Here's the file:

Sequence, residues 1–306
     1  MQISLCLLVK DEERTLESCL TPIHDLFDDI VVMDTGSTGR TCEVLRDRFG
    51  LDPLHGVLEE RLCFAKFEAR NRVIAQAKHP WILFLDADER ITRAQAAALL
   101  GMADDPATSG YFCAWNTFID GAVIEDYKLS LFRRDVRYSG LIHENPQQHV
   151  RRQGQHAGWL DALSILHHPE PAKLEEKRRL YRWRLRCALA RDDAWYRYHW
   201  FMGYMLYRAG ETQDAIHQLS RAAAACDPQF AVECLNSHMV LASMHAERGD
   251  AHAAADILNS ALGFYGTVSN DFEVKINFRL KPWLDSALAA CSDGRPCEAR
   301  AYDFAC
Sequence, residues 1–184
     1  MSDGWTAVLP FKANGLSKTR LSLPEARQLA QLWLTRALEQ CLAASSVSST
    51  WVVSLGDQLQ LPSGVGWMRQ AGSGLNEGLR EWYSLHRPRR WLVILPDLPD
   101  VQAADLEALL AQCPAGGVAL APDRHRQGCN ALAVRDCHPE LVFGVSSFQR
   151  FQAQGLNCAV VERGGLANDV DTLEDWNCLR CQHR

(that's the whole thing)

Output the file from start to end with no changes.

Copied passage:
Sequence, residues 1–306
     1  MQISLCLLVK DEERTLESCL TPIHDLFDDI VVMDTGSTGR TCEVLRDRFG
    51  LDPLHGVLEE RLCFAKFEAR NRVIAQAKHP WILFLDADER ITRAQAAALL
   101  GMADDPATSG YFCAWNTFID GAVIEDYKLS LFRRDVRYSG LIHENPQQHV
   151  RRQGQHAGWL DALSILHHPE PAKLEEKRRL YRWRLRCALA RDDAWYRYHW
   201  FMGYMLYRAG ETQDAIHQLS RAAAACDPQF AVECLNSHMV LASMHAERGD
   251  AHAAADILNS ALGFYGTVSN DFEVKINFRL KPWLDSALAA CSDGRPCEAR
   301  AYDFAC
Sequence, residues 1–184
     1  MSDGWTAVLP FKANGLSKTR LSLPEARQLA QLWLTRALEQ CLAASSVSST
    51  WVVSLGDQLQ LPSGVGWMRQ AGSGLNEGLR EWYSLHRPRR WLVILPDLPD
   101  VQAADLEALL AQCPAGGVAL APDRHRQGCN ALAVRDCHPE LVFGVSSFQR
   151  FQAQGLNCAV VERGGLANDV DTLEDWNCLR CQHR